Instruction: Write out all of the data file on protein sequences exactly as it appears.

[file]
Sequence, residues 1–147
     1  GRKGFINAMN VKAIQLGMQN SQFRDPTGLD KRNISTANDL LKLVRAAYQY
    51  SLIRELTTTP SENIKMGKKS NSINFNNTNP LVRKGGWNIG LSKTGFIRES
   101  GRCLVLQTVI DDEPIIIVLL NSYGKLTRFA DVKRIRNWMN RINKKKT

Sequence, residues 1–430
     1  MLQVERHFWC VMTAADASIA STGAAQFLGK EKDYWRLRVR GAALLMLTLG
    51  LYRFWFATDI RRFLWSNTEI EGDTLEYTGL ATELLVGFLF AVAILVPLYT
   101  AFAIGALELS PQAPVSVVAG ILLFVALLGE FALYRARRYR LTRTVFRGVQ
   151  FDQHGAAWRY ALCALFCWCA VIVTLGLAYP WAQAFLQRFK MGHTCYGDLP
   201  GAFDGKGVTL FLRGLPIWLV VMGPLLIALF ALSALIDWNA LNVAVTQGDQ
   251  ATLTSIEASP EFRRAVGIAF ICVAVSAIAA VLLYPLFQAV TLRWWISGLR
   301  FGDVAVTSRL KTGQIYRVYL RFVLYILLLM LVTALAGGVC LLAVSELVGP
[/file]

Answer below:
Sequence, residues 1–147
     1  GRKGFINAMN VKAIQLGMQN SQFRDPTGLD KRNISTANDL LKLVRAAYQY
    51  SLIRELTTTP SENIKMGKKS NSINFNNTNP LVRKGGWNIG LSKTGFIRES
   101  GRCLVLQTVI DDEPIIIVLL NSYGKLTRFA DVKRIRNWMN RINKKKT

Sequence, residues 1–430
     1  MLQVERHFWC VMTAADASIA STGAAQFLGK EKDYWRLRVR GAALLMLTLG
    51  LYRFWFATDI RRFLWSNTEI EGDTLEYTGL ATELLVGFLF AVAILVPLYT
   101  AFAIGALELS PQAPVSVVAG ILLFVALLGE FALYRARRYR LTRTVFRGVQ
   151  FDQHGAAWRY ALCALFCWCA VIVTLGLAYP WAQAFLQRFK MGHTCYGDLP
   201  GAFDGKGVTL FLRGLPIWLV VMGPLLIALF ALSALIDWNA LNVAVTQGDQ
   251  ATLTSIEASP EFRRAVGIAF ICVAVSAIAA VLLYPLFQAV TLRWWISGLR
   301  FGDVAVTSRL KTGQIYRVYL RFVLYILLLM LVTALAGGVC LLAVSELVGP